NEW YORK—On the quiet Saturday of Oct. 3, a tenant in Brooklyn disconnected a gas pipe so she could remove a luxury stove. An explosion ensued, demolishing the building’s facade and collapsing its framework.
The blast displaced 49 residents, injured 13, and killed 2.
The Fire Department of New York (FDNY) said the tenant who allegedly caused the explosion was moving. The tenant had personally purchased the luxury stove and wished to bring it to her next apartment.
Although this particular explosion in Brooklyn was not caused by a corroding gas pipe, it’s a stark reminder of how easily an explosion could occur if the slightest bit of electricity drifted in the air and mixed with a room full of gas.
In a city that is heated by 6,362 miles of aging natural gas pipes, residents should be aware that seemingly innocuous actions—such as using a home phone or cellphone—could ignite an explosion if gas is in the air.
According to the websites of energy companies, one should leave the premises immediately if one smells gas and call 911 only after leaving the building.
If there is a gas leak, even ringing the doorbell can cause can an explosion. So could starting a hair dryer, or turning on the lights.
“It’s because it’s all electrical,” said Con Edison spokesman Sidney Alvarez. (Con Edison was not responsible for distributing gas to the Brooklyn building; the National Grid was, but could not be reached by press time).
Any electronic usage could spark an explosion. If one smells gas, don’t turn on a flashlight, and don’t use anything that requires batteries. If one has a car in a home garage, do not start the car.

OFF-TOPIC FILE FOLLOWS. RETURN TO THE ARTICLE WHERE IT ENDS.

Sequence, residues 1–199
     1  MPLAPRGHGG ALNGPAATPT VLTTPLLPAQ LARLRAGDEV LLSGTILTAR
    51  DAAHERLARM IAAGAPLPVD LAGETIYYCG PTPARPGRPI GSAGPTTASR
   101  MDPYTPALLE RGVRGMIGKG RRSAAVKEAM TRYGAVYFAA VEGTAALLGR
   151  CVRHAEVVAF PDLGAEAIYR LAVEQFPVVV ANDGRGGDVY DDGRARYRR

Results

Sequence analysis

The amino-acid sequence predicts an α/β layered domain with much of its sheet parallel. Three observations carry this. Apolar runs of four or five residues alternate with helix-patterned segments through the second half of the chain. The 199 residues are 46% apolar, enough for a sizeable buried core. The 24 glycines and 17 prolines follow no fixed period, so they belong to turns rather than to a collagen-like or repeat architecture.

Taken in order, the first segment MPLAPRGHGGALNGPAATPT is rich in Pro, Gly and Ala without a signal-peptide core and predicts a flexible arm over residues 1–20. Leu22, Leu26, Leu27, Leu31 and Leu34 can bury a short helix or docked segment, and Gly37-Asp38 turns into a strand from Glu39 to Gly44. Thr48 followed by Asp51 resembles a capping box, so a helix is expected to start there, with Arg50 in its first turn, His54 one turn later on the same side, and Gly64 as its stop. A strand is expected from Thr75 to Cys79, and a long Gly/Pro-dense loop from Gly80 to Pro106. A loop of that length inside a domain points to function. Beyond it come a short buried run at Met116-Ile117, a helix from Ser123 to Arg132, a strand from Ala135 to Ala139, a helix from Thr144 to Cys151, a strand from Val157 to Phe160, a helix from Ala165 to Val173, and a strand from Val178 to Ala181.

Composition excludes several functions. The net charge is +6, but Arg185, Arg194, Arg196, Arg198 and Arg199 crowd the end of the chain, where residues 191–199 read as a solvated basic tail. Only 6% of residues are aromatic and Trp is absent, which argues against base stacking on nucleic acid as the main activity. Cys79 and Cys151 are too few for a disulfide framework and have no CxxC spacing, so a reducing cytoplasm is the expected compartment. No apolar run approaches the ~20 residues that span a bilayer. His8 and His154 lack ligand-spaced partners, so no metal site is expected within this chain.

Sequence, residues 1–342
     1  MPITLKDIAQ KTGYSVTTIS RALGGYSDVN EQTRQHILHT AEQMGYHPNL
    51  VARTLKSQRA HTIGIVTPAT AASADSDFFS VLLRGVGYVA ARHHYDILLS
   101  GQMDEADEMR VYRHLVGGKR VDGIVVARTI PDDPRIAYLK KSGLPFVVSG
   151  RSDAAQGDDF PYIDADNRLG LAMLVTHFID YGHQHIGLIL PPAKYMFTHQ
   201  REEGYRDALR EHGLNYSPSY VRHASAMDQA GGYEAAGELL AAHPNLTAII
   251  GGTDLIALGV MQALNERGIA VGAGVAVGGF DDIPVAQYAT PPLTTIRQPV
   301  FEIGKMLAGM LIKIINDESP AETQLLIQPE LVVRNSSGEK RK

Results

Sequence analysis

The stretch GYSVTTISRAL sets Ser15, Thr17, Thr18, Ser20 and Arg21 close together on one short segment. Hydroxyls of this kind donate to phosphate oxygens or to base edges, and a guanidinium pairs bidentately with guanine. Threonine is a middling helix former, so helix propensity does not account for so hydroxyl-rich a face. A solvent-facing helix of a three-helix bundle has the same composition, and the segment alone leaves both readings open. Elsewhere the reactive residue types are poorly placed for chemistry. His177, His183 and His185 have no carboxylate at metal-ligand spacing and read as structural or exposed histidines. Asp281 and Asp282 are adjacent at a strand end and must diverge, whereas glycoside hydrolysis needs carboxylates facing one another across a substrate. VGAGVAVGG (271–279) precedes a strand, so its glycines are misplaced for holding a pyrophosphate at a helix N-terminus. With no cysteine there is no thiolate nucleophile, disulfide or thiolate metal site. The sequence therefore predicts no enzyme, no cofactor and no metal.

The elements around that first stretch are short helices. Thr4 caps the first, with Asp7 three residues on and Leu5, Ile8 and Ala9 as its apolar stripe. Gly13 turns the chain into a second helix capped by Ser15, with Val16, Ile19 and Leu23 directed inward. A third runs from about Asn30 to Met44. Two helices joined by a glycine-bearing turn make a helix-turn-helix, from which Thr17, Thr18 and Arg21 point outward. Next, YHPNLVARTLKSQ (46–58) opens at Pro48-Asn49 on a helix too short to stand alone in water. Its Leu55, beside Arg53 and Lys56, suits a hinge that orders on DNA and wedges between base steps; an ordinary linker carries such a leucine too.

Such warnings are especially pertinent now because New York City’s gas pipes are decaying. Con Edison’s gas pipes are 53 years old on average, according to a 2014 report from the Center for an Urban Future, a think tank based in Manhattan.
In 2012, Con Edison’s distribution system experienced nearly 3,300 leaks.
Con Edison is currently replacing an average of 65 miles of gas piping a year, according to its website.
The National Grid also experienced 45 gas leaks per 100 main miles in 2012.
Given that context, gas explosions are still relatively rare but an array scenarios could set off an explosion making for a literally volatile situation.
In August, a gas explosion that occurred at a Bronx high school injured three workers. A worker lit a match without realizing the room was filled with gas because he had become desensitized to its smell, reported NBC.
In March, two died in an East Village explosion because a commercial gas line was illegally siphoned for residential use.
In 2014, an East Harlem blast killed eight due to poor infrastructure and because no one reported the smell of gas.
In 2009, a house in Queens exploded because of faulty electrical wiring.
“If you go back to Park Avenue [Harlem] it was a structure issue. If we go to Second Avenue it was a piping, improper usage in the basement. And here we have something that occurred within an apartment,” FDNY chief James Leonard said during a press conference. “So the only common thread, of course, is the natural gas and the dangers of natural gas.”